The president’s pronouncements and social media blasts are often surprise attacks. They can vanish as quickly as they emerge if political expedience warrants a different tack. - Time (Apr 3, 2019)
    Over the past few weeks, President Trump announced several bold actions, including another attempt to repeal Obamacare and a threat to immediately close parts of the Mexican border. This week, the President backed away from both of those initiatives, saying that he will give Mexico another year before closing the border, and delaying a new healthcare policy until after the 2020 election.
  7. immemorial
    long past
    As we have done through centuries of interaction with external actors, it is critical that our people band together and support one another. We are a proud nation that has existed on this land since time immemorial. - Good News Network (Apr 1, 2019)
    In a historic move, The Navajo nation is moving away from coal as its main source of revenue. For the past hundred years or so, the Navajo nation has been dependent on the fossil fuel, but now the tribe is going to diversify and expand into alternative energy sources and tourism in an effort to solidify its financial future.
  8. insular
    narrowly restricted in outlook or scope
    Because the nation’s air travel system is highly specialized and somewhat insular, a problem in one part of the ecosystem can have an outsized ripple effect, turning into delays, cancellations and riled passengers. - The Washington Post (Apr 2, 2019)
    The recent plane crashes of two Boeing 737 Max jets and two technical glitches paralyzed flights for a short while this week have brought the entire airline industry under scrutiny. The majority of airlines use the same software programs, so when there is a problem with the system, the effects are enormous. This lack of diversification is an example of a problem experienced by insular industries — ones that are closed unto themselves.
  9. shroud
    cover as if with a burial garment
    Even that will be challenging, however, as the black hole at the center of our galaxy is " shrouded in a thick cloud of dust and gas," according to Science Alert. Even more confounding is that spacetime around a black hole is "weird." - USA Today (Apr 2, 2019)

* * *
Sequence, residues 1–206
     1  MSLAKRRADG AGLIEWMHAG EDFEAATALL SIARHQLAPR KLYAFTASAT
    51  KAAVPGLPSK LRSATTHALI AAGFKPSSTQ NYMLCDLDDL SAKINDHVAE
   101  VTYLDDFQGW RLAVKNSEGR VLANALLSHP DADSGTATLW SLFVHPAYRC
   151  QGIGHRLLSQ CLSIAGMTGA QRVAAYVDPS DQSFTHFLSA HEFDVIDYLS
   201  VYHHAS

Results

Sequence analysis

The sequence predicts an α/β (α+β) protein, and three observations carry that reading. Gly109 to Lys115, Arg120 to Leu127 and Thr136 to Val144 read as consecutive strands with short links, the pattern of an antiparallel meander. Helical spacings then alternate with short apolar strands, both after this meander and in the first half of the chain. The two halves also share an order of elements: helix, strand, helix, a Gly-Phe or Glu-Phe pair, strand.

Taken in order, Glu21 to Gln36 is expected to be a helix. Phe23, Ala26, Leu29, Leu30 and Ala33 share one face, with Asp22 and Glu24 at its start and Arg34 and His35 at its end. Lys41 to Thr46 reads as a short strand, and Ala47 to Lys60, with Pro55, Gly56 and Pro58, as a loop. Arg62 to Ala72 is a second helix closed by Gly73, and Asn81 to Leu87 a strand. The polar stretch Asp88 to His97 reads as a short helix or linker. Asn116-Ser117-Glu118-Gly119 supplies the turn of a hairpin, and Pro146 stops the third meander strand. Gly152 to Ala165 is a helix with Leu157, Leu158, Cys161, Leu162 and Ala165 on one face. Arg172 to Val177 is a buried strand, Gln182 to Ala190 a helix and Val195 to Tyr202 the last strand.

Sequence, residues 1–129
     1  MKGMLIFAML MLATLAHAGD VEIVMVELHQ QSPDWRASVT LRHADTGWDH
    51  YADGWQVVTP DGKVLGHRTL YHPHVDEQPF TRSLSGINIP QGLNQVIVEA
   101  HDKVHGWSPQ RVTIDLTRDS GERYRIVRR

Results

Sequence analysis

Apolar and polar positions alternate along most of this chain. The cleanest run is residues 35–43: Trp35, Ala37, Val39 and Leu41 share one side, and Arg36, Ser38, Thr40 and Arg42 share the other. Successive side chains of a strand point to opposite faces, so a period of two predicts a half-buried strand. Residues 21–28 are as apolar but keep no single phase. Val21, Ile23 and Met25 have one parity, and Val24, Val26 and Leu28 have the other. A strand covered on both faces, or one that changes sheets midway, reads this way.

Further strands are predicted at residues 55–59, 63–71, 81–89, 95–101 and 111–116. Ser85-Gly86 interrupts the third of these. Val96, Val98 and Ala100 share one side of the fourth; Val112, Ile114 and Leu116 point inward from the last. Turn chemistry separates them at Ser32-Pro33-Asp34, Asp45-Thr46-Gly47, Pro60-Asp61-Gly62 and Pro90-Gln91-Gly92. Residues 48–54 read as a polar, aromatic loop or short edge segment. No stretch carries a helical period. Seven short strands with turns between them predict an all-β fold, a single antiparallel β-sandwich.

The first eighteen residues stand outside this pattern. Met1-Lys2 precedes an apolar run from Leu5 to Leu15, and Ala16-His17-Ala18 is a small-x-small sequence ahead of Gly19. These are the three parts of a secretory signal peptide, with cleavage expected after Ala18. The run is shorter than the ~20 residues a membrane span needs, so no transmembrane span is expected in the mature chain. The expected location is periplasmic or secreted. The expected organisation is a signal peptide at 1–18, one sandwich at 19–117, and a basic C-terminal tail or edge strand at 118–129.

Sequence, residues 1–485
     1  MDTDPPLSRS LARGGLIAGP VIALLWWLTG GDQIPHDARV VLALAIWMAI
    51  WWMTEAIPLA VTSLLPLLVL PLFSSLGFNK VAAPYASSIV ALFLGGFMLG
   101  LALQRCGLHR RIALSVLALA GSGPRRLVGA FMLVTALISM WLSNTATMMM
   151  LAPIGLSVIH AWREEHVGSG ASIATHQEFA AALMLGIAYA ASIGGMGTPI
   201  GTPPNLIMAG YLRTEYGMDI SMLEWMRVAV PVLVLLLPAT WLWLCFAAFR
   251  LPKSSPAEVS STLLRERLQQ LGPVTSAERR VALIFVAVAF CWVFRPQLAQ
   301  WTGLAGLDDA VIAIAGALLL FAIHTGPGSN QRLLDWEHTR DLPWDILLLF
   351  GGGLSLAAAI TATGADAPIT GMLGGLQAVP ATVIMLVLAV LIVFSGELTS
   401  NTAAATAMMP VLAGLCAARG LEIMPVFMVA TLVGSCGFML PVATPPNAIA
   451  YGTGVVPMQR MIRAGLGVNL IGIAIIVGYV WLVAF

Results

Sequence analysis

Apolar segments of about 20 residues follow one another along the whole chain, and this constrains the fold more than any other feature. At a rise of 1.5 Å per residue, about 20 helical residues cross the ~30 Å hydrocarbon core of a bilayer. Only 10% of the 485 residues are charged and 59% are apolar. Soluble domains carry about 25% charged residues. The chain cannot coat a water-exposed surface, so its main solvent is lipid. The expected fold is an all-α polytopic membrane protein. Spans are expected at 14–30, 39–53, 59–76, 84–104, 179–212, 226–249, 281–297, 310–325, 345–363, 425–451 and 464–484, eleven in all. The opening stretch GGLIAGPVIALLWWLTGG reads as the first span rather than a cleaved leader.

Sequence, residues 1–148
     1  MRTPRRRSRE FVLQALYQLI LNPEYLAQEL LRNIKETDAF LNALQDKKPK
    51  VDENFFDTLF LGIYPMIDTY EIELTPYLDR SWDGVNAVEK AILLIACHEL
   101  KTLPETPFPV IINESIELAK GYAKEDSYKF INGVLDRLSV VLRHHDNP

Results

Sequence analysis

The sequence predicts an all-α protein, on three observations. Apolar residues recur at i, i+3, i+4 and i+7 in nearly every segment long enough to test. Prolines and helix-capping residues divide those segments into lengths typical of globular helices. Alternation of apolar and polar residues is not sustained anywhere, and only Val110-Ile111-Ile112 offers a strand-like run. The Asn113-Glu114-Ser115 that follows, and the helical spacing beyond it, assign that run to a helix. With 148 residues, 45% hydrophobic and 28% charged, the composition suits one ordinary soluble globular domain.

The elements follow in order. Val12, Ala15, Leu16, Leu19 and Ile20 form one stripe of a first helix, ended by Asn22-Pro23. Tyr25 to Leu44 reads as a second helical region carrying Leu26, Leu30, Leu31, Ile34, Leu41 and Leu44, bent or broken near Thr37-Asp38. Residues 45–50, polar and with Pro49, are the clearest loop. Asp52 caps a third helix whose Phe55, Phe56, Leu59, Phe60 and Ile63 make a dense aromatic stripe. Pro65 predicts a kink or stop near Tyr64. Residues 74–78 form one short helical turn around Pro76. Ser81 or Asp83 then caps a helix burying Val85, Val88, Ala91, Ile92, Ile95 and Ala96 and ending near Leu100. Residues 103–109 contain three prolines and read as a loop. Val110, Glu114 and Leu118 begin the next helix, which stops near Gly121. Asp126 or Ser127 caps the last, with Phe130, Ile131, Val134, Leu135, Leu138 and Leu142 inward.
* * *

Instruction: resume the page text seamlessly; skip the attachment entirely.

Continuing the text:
Next week, for the first time ever, scientists will reveal a picture of a black hole. The black hole is located at the center of our galaxy and is known as “Sagittarius A”. Of course, it is difficult to see even supermassive black holes like Sagittarius A because, well they’re black! No light can escape them because their gravitational pull is so powerful. Because of this, the picture will probably be of the area known as the “Event Horizon”, the place where the black hole was first created.
  10. surname
    the name used to identify the members of a family
    She was allowed to enter by Secret Service agents stationed outside the resort after the Mar-a-Lago security manager on duty verified that her last name matched the surname of a member of the club, according to a complaint filed in federal district court in South Florida. - The New York Times (Apr 2, 2019)
    A Chinese woman who gained access to Mar-A-Lago, President Trump’s private club in Florida, was arrested after it was discovered that she was carrying a thumb drive full of malware capable of compromising computers. The woman was allowed into the club’s grounds because she had the surname of a member. But her story was full of inconsistencies, including the fact that she didn’t have a bathing suit although said she had come for a swim.